El Segundo’s DirecTV got the go-ahead from the U.S. Supreme Court on Monday to resolve a dispute with customers through individual arbitration rather than in court.

The High Court ruled 6 to 3 in favor of DirecTV, finding that the company’s contracts – which include a clause that forbids customers from filing class-action lawsuits – are valid.

The court’s decision paves the way for other businesses in California to enforce arbitration agreements, increasingly popular tools companies use to resolve disputes outside courtrooms typically for far less money.

The dispute began in 2008 when a former DirecTV customer sued the satellite TV provider in Los Angeles Superior Court, alleging it had violated several California laws when it charged cancellation fees.

The Supreme Court didn’t rule on the merits of the dispute, but it was instead asked to decide where the complaint should be resolved – either in private arbitration or as part of a class-action lawsuit.

Businesses throughout the state had been watching this case closely, hoping the Supreme Court would protect their right to resolve disputes with customers and employees through arbitration. In general, businesses see arbitration as a cheaper and faster way to resolve disputes. Plus, it adds a layer of privacy.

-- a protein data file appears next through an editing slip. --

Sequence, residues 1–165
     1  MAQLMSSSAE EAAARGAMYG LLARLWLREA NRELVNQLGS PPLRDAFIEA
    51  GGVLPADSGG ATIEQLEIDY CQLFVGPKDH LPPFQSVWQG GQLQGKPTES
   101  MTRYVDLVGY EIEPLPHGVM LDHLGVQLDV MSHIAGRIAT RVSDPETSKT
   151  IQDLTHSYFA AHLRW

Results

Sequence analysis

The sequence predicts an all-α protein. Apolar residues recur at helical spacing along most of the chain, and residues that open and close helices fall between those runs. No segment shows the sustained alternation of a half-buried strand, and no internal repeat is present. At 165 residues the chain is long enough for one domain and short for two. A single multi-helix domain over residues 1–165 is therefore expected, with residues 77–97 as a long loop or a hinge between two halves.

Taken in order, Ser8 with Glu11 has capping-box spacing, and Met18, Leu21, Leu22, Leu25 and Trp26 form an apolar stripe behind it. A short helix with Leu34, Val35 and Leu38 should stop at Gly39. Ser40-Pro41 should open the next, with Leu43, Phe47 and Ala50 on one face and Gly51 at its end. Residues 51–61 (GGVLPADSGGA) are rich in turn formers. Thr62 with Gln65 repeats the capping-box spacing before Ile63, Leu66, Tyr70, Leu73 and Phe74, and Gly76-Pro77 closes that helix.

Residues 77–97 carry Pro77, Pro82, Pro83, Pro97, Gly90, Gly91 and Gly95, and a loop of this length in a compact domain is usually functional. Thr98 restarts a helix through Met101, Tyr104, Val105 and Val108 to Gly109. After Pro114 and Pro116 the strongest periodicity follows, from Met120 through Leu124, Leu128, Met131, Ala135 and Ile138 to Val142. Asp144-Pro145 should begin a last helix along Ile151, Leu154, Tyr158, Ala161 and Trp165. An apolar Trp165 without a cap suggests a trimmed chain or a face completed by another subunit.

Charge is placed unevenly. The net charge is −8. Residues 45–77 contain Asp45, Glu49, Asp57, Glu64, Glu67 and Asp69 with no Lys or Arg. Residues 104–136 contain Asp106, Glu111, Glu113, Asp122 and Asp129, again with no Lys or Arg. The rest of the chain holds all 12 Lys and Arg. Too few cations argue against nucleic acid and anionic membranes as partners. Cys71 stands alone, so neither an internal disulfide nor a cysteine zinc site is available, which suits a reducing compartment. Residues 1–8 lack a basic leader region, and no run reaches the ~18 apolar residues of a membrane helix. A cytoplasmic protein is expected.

“The ruling affirms the strong federal policy favoring arbitration agreements that efficiently allow consumers and businesses to resolve disputes without further burdening our overloaded courts,” said DirecTV spokesman Robert Mercer in a statement.

Consumer groups, on the other hand, often claim that arbitration provides an unfair advantage to businesses.

“This is another troubling day for American consumers who are ripped off by corporate greed and malfeasance, whether it’s a satellite TV system that doesn’t work, unlawful credit card fees, or a defective vehicle,” said Harvey Rosenfield, founder of Santa Monica’s Consumer Watchdog and one of the lawyers who represented consumers in the litigation.

“The Supreme Court has taken away Americans’ only right to obtain justice: their day in court. The more the U.S. Supreme Court allows big corporations to evade accountability, the less confidence Americans have in the judicial branch and the rule of law.”

Check out the Business Journal’s past coverage of this case here.

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